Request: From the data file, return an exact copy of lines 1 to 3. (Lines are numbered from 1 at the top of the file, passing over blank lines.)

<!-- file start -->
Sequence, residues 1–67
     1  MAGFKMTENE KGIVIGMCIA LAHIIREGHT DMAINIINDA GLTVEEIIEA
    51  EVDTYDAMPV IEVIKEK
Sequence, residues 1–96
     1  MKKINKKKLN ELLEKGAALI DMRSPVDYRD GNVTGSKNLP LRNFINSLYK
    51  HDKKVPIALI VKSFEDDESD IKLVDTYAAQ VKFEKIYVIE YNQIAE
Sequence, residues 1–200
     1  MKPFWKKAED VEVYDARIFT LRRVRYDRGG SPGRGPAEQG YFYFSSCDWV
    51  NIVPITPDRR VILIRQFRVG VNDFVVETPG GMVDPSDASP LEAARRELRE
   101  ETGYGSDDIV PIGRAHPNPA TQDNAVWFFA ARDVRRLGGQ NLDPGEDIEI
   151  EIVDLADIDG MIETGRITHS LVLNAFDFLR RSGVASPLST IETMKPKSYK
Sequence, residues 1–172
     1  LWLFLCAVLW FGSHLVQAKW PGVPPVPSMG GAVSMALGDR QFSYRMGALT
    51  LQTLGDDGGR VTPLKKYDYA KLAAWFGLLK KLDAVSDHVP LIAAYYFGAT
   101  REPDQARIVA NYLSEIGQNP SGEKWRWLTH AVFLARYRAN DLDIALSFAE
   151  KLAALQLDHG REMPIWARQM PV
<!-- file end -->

Sequence, residues 1–67
     1  MAGFKMTENE KGIVIGMCIA LAHIIREGHT DMAINIINDA GLTVEEIIEA
    51  EVDTYDAMPV IEVIKEK